How Cool Should My Home Get in the Heat of Summer?
Here in North Florida, summertime temperatures run somewhere between hot, real hot and let’s fry-some-eggs-on-the-pavement hot! With heat indices that can reach into the 100s on many days, you want your A/C to perform at its peak every day. But how can you tell if it is running as efficiently and effectively as possible?
One key indicator is whether your system is striking the correct temperature balance between the indoor and outdoor air. More specifically, for our area, most systems are designed to lower your indoor temperature about 20°F from the outdoors. So, on days when it’s 100°F outside, and your system is running at its peak efficiency, your indoor temperature will likely never maintain a level lower than about 80°F.
But, have you noticed that your system is taking longer than usual to cool down, or that it does not achieve a 20°F balance? Or that some parts of the house tend to be warmer than others? These could be signs that your HVAC system needs attention.
How can I tell if my A/C is running smoothly?
If your HVAC system is showing any of these symptoms – or if you’re just curious as to whether it’s performing at its peak – here’s a simple test we mentioned in a previous post (Stay Cool and Save on Your Electric Bill) that tells how to check the efficiency of your A/C unit:
On a day when it’s warmer than 80°F outside, and your A/C (with a clean filter) has been running for at least 15 minutes (to let the temperature in the ductwork stabilize), put a thermometer on the intake vent that’s closest to your inside cooling equipment. Keep it there for about 5-10 minutes and note the temperature. Then do the same at the output vent. The air coming out should be 20° cooler than the air going in.
What if the numbers don’t add up?
If the temperature difference is greater than 20° it could mean that your airflow is being restricted, possibly from a dirty filter, poor ductwork or because your A/C fan is too small or going bad.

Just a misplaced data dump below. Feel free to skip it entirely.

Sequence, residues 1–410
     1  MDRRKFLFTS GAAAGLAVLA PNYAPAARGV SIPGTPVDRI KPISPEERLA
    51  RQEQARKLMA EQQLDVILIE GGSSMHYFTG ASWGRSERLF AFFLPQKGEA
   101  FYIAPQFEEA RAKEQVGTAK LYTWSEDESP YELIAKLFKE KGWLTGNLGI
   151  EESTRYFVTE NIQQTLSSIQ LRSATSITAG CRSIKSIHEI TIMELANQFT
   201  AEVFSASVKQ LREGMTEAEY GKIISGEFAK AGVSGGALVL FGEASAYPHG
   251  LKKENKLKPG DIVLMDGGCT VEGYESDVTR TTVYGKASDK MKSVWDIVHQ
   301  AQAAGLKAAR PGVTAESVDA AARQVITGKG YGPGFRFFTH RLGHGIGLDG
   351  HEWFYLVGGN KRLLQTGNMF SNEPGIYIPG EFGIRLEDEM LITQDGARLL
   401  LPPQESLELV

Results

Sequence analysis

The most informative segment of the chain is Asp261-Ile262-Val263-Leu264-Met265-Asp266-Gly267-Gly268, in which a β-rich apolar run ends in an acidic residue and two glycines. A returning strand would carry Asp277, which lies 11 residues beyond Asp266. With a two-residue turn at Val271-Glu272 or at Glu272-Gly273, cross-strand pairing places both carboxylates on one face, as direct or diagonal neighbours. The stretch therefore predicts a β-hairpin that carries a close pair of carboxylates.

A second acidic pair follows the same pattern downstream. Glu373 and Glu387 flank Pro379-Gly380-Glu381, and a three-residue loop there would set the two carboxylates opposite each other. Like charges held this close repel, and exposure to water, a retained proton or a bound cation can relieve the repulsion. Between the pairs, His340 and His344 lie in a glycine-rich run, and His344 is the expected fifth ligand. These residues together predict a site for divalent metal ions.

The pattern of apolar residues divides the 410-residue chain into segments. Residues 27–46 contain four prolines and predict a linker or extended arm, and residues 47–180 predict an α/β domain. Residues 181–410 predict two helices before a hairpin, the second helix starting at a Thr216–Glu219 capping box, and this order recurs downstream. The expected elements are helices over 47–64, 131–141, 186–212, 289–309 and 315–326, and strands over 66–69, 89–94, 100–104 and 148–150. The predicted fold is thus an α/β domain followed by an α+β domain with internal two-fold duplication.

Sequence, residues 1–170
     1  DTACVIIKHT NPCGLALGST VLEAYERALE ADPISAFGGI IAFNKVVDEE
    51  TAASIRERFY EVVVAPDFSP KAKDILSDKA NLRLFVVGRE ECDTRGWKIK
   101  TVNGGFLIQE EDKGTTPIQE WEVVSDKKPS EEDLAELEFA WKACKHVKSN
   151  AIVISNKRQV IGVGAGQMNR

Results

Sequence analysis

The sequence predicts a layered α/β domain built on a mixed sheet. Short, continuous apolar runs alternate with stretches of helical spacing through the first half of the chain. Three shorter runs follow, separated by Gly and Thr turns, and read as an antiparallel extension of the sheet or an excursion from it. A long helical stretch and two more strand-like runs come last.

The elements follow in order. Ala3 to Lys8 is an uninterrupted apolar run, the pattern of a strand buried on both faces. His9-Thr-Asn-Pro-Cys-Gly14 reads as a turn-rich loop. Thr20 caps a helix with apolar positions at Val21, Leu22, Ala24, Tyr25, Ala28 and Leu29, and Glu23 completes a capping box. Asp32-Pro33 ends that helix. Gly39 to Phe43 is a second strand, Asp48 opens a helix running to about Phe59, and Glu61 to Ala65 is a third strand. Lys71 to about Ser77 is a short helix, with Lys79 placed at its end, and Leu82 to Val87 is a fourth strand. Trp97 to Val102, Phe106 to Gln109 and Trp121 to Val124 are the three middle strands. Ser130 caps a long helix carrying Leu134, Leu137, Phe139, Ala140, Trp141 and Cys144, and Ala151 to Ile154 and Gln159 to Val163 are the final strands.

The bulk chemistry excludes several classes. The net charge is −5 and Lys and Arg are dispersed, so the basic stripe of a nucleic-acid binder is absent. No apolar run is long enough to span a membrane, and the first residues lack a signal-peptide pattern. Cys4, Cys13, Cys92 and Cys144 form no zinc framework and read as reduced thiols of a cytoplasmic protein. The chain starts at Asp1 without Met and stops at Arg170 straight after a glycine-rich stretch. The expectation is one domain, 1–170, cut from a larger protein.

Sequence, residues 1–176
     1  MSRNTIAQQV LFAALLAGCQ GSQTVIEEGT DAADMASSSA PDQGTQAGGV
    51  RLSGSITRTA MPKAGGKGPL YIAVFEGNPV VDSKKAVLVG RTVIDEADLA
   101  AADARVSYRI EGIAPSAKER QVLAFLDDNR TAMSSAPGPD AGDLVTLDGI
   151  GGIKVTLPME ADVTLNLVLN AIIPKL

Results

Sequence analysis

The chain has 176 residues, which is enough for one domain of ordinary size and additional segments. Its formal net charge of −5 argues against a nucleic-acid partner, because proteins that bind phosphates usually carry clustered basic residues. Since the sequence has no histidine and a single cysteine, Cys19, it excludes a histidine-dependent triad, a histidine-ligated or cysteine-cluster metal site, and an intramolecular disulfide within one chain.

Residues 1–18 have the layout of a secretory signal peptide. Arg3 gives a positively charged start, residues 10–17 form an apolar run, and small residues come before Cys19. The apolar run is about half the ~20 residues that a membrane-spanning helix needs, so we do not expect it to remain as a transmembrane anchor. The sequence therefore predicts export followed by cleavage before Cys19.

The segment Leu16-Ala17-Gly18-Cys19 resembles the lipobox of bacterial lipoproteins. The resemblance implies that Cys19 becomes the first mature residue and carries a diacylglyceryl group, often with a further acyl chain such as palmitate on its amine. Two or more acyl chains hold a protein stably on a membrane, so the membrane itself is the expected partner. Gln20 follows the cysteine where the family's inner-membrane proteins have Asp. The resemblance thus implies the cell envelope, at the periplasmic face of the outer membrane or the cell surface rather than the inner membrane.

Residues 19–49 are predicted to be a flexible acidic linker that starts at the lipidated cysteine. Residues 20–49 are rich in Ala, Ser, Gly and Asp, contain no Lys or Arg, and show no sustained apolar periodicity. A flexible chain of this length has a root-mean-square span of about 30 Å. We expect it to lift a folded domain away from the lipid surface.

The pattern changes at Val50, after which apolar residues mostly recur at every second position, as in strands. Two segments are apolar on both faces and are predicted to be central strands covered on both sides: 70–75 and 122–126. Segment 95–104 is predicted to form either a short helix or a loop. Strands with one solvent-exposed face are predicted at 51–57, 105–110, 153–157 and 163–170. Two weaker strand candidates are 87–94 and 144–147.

If the temperature difference is less than 20° then you may have low refrigerant, a dirty coil, a faulty compressor or return system, or your A/C fan may be too big.
What if I’m still uncomfortable?
Even if your test shows that the air coming out is 20o cooler than the air going in, but it still doesn’t feel cool, or you get wide temperature fluctuations in your home, another potential culprit is the size of your A/C unit – it must be properly matched to your structure to operate at maximum efficiency, no matter what the outside temperature and humidity may be. An A/C system should only be designed and sized by professionals – and there are a few common indicators that yours may not be the right fit.
For example, if your system is too large, it will tend to cool your home too quickly, causing it to constantly turn off and on, or short-cycle, without striking the proper temperature-to-humidity balance. (We address this in the post Fans Cool People, Not Rooms.) This will not only leave you feeling clammy and uncomfortable, but it can cause higher energy bills and frequent system breakdowns.
If your system is too small, however, it simply won’t be able to keep up with your cooling demands. This will cause it to constantly overwork and eventually lead to system failure. But, be careful not to confuse this with the fact that today’s newer units are designed to run longer and more efficiently, as we discussed in the post Why Does My New A/C Unit Run So Long?
Bottom line: if your A/C isn’t properly designed, sized and maintained, chances are you’re not getting as cool as possible and you’re wasting a lot of money!